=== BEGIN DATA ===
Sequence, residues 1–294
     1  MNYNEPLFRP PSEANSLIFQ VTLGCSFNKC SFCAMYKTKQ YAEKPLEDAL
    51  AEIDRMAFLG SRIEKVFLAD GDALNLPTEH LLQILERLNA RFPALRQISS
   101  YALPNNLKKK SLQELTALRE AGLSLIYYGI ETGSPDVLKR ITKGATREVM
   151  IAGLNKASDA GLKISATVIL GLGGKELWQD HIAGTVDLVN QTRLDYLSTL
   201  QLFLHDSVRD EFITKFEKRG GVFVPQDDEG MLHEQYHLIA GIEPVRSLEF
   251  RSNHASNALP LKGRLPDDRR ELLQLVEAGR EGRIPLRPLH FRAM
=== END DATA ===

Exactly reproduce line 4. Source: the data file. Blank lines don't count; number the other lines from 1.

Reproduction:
   101  YALPNNLKKK SLQELTALRE AGLSLIYYGI ETGSPDVLKR ITKGATREVM